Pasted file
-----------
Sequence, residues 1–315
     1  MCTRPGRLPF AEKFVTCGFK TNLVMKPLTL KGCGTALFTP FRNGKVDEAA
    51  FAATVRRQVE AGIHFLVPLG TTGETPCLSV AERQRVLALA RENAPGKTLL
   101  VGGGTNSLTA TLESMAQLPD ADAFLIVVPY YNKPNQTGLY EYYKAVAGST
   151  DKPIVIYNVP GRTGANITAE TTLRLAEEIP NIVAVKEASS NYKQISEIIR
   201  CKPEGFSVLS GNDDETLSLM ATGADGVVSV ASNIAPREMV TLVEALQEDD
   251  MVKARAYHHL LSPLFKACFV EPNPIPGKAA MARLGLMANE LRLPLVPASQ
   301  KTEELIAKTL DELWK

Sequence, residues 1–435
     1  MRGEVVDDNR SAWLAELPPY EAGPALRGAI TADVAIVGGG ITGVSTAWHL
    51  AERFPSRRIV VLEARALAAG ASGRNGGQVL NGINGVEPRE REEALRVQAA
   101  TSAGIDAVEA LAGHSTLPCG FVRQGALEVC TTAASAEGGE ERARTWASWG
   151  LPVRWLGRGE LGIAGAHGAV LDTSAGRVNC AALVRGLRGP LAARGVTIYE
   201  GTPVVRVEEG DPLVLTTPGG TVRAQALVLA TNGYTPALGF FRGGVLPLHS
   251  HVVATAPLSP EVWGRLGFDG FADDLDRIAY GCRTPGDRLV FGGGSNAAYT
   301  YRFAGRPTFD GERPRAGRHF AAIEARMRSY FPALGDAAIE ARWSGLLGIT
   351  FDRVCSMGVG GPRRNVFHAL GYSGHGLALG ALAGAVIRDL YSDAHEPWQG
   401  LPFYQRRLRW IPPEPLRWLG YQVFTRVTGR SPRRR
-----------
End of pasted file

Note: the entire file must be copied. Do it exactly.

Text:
Sequence, residues 1–315
     1  MCTRPGRLPF AEKFVTCGFK TNLVMKPLTL KGCGTALFTP FRNGKVDEAA
    51  FAATVRRQVE AGIHFLVPLG TTGETPCLSV AERQRVLALA RENAPGKTLL
   101  VGGGTNSLTA TLESMAQLPD ADAFLIVVPY YNKPNQTGLY EYYKAVAGST
   151  DKPIVIYNVP GRTGANITAE TTLRLAEEIP NIVAVKEASS NYKQISEIIR
   201  CKPEGFSVLS GNDDETLSLM ATGADGVVSV ASNIAPREMV TLVEALQEDD
   251  MVKARAYHHL LSPLFKACFV EPNPIPGKAA MARLGLMANE LRLPLVPASQ
   301  KTEELIAKTL DELWK

Sequence, residues 1–435
     1  MRGEVVDDNR SAWLAELPPY EAGPALRGAI TADVAIVGGG ITGVSTAWHL
    51  AERFPSRRIV VLEARALAAG ASGRNGGQVL NGINGVEPRE REEALRVQAA
   101  TSAGIDAVEA LAGHSTLPCG FVRQGALEVC TTAASAEGGE ERARTWASWG
   151  LPVRWLGRGE LGIAGAHGAV LDTSAGRVNC AALVRGLRGP LAARGVTIYE
   201  GTPVVRVEEG DPLVLTTPGG TVRAQALVLA TNGYTPALGF FRGGVLPLHS
   251  HVVATAPLSP EVWGRLGFDG FADDLDRIAY GCRTPGDRLV FGGGSNAAYT
   301  YRFAGRPTFD GERPRAGRHF AAIEARMRSY FPALGDAAIE ARWSGLLGIT
   351  FDRVCSMGVG GPRRNVFHAL GYSGHGLALG ALAGAVIRDL YSDAHEPWQG
   401  LPFYQRRLRW IPPEPLRWLG YQVFTRVTGR SPRRR